Go Fund Them
When the streaming- and social-networking service SoundCloud decided to instate their royalty payment system in March 2021, longtime users of the site and the new wave of the music industry leaned in to listen.
Prior to this pay upgrade for music artists, SoundCloud paid contributors through pooling revenues from the platform’s collected streams, or overall and accumulated plays by listeners (This pro-rata system, the same one employed by Spotify, has been criticized for its payouts, which tend to favor a small percentage of superstar artists.)
SoundCloud’s current fan-powered royalties (FPR) intend to be a more equitable and specific way to compensate artists for their original work. According to a recent press release, Warner Music Group (WMG) has signed a licensing deal with SoundCloud, making the media giant the first major label to utilize the FPR payout model. Essentially, WMG artists will now also enjoy having their music monetized directly by plays by their audience, in lieu of concerns of selling physical copies of their releases, or even touring to promote their music.
SInce introducing its FPR model last spring, SoundCloud has seen a 30% increase in subscribers to its premium creator services, according to an article in The Verge.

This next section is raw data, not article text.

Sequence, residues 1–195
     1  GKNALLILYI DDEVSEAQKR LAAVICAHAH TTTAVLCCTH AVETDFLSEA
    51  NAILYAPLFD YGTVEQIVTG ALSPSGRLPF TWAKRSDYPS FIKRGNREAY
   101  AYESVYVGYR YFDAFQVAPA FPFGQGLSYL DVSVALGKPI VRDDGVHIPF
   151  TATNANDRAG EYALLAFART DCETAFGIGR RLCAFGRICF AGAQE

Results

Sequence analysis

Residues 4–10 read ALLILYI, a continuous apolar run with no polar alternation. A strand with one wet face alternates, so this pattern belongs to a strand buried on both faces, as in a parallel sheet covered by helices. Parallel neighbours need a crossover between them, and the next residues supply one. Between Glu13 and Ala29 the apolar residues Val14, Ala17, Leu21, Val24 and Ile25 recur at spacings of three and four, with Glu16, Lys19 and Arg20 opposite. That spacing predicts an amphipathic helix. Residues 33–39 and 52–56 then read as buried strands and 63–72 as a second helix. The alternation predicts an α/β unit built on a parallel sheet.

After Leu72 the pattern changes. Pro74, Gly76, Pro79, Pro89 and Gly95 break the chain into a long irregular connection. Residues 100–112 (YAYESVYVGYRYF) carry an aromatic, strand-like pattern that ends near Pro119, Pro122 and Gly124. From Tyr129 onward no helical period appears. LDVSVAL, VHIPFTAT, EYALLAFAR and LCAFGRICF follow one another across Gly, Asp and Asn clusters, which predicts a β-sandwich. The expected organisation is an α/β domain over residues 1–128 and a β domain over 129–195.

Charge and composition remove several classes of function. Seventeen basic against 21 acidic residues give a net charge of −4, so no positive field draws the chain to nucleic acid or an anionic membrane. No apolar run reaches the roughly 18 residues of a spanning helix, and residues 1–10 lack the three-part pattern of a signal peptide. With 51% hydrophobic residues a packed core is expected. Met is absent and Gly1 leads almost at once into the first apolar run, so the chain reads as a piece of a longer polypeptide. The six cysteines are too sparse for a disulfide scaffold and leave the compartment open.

According to recent data, since starting in 2007, SoundCloud has attracted an estimated 76 million users and 175 million listeners. Featuring more than 300 million tracks from international artists, the site was the de facto launch pad for future Grammy winners including Billie Eilish, Young Thug and Tyler the Creator, with the majority of the Berlin-based SoundCloud’s audience based in the United States.
So, what does this mean to music artists toiling away in their bedroom studios? There’s no time like the present for musicians to read the fine print. One needs to sign up for SoundCloud’s Pro membership, which ranges from $8-$16 a month, yet tracks uploaded to the site are monetized within minutes.
But hold back on buying that yacht: SoundCloud’s flat rate remains in the range of $0.0025 to $0.004 per stream; so, for every 1000 plays, the artist receives $2.50-$4.00. Yet according to Forbes, Billie Eilish, the poster child for SoundCloud and streaming services in general, is worth a modest $53 million dollars. Fire up the GarageBand.